High-Intensity Interval Training (HIIT) involves short bursts of intense exercise followed by brief periods of active recovery. It can be performed with various exercises such as sprints, cycling, or bodyweight exercises. The key is to push yourself to your maximum effort during the high-intensity intervals and then recover at a lower intensity. For example, you could sprint at full speed for 30 seconds and then walk or jog for 1 minute to recover. Repeat this pattern for a designated number of sets or time. HIIT not only improves speed but also increases aerobic and anaerobic capacity.

2.2 Fartlek Training

Fartlek training is a form of continuous training that combines steady-state running with interval bursts. Unlike traditional interval training, where intervals are predetermined, fartlek training involves varying the intensity and duration of your efforts based on feel or external cues. During a fartlek run, you might sprint between specific landmarks, jog for a certain distance, then pick up the pace again as desired. This type of training challenges your body’s ability to transition between different speed zones, simulating the unpredictability of race conditions and improving speed and endurance simultaneously.

2.3 Tempo Runs

Tempo runs are another effective form of interval training that aim to improve lactate threshold and running economy. During a tempo run, you maintain a challenging but sustainable pace for an extended duration. The intensity should be challenging but manageable, allowing you to sustain the effort for a longer period. A typical tempo run may involve running at a pace that feels comfortably hard (around 80-85% of your maximum effort) for 20-30 minutes. Tempo runs not only improve speed but also enhance your ability to maintain a steady pace during races or high-intensity workouts.

3. Plyometric Exercises

Plyometric exercises involve quick and explosive movements that enhance muscular power, coordination, and agility. Incorporating plyometrics into your training routine can significantly improve your speed and explosiveness. Here are some effective plyometric exercises to incorporate into your workouts:

3.1 Box Jumps

Box jumps are a popular plyometric exercise that targets the lower body muscles involved in generating explosive power. To perform box jumps, start by standing in front of a sturdy box or step with your feet shoulder-width apart. Bend your knees into a quarter squat position, then explosively jump onto the box by driving your arms forward and extending your hips, knees, and ankles simultaneously. Land softly on top of the box with your knees slightly bent, then step or jump back down to the starting position. Repeat for a designated number of repetitions or time. Box jumps are also effective for improving vertical leap and overall lower body strength.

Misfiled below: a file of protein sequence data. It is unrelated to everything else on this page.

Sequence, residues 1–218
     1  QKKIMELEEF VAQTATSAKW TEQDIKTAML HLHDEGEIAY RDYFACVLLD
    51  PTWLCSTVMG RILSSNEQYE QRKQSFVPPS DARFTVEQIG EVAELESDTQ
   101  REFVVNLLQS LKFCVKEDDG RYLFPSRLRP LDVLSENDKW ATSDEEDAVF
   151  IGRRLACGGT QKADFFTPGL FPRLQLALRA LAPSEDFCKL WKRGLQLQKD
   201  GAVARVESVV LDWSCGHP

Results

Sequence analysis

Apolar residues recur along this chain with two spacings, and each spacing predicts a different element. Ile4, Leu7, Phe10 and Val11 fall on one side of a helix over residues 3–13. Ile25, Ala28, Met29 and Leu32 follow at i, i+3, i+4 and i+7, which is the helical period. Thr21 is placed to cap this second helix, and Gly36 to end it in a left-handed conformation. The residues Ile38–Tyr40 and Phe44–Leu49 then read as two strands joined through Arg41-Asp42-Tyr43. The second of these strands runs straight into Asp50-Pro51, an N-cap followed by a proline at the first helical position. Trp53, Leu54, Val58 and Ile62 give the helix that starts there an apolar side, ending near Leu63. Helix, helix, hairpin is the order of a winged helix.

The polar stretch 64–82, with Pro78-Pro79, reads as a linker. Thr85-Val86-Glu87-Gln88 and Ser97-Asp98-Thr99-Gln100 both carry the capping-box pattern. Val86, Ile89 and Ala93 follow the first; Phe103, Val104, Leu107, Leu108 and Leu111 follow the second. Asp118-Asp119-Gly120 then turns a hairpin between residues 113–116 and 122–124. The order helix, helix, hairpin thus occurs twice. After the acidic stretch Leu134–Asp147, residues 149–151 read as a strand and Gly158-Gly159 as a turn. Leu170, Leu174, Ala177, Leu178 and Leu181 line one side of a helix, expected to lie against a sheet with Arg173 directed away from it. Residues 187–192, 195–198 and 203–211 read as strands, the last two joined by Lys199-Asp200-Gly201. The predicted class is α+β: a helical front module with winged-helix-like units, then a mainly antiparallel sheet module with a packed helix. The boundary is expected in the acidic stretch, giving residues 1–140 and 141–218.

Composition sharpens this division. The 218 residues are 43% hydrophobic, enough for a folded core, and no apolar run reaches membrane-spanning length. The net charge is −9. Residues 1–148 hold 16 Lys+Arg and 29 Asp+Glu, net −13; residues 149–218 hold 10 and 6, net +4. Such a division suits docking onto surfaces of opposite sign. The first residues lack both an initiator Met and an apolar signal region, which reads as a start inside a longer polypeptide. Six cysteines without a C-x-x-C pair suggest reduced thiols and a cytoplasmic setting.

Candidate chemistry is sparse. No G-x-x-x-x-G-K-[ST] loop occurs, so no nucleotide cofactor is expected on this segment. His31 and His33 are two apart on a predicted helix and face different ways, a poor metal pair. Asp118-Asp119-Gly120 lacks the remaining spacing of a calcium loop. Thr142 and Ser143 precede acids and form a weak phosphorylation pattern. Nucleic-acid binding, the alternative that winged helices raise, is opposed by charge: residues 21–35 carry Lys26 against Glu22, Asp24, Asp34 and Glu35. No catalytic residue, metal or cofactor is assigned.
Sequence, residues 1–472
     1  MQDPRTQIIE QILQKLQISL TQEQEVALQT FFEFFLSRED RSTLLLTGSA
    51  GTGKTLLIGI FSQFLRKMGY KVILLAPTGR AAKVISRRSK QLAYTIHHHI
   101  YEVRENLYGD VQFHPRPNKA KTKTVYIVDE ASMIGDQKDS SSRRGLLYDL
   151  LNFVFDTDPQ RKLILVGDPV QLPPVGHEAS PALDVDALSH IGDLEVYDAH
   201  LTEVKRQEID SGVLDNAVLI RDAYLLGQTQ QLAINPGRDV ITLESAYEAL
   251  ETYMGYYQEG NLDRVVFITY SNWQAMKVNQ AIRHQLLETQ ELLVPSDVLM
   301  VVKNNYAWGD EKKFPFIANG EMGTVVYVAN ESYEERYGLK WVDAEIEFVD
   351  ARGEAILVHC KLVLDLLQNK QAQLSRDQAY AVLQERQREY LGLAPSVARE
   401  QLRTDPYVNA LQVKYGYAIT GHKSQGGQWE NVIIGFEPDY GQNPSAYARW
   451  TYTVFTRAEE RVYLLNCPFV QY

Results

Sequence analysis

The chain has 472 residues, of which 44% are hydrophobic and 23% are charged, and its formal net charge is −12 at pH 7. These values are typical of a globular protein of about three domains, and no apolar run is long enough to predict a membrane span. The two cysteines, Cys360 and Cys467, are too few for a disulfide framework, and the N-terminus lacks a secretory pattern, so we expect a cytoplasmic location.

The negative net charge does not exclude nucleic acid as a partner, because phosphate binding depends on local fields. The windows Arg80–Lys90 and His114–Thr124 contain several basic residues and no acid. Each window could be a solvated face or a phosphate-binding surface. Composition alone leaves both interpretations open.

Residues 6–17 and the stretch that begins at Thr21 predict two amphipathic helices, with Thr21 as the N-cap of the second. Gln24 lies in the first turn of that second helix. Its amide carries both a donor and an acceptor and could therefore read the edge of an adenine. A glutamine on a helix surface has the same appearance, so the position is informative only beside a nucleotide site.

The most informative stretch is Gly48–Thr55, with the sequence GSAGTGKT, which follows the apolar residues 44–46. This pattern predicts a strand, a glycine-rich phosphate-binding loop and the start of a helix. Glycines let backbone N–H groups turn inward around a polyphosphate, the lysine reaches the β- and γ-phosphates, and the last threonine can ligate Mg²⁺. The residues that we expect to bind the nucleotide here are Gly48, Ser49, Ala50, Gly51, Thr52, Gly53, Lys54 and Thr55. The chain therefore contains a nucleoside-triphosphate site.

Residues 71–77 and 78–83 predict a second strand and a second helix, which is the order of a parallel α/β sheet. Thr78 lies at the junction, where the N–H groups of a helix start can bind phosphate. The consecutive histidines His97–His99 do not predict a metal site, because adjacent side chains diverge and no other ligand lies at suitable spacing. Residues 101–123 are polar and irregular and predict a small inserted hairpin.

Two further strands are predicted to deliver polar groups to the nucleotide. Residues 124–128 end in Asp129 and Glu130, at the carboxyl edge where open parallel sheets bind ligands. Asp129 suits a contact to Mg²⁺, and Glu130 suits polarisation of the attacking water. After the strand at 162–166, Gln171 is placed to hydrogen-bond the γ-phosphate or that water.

3.2 Jump Squats

Jump squats are a dynamic variation of the traditional squat exercise, incorporating explosive jumps to enhance power and lower body strength. To perform jump squats, start by standing with your feet shoulder-width apart. Lower yourself into a deep squat position, keeping your chest up and your weight on your heels. In an explosive motion, jump as high as possible, extending your hips, knees, and ankles. Land softly back into a squat position and immediately repeat the jump for a designated number of repetitions.

3.3 Broad Jumps

Broad jumps, also known as long jumps, are an excellent plyometric exercise for improving lower body explosive power and horizontal distance. To perform broad jumps, start by standing with your feet shoulder-width apart. Bend your knees into a quarter squat position, then explode forward by driving your arms forward and extending your hips, knees, and ankles simultaneously. Propel your body forward as far as possible, landing softly on both feet. Take a moment to reset, then repeat for a designated number of jumps or distance. Broad jumps simulate the explosive power needed for sprinting and help improve stride length and running economy.

3.4 Power Skips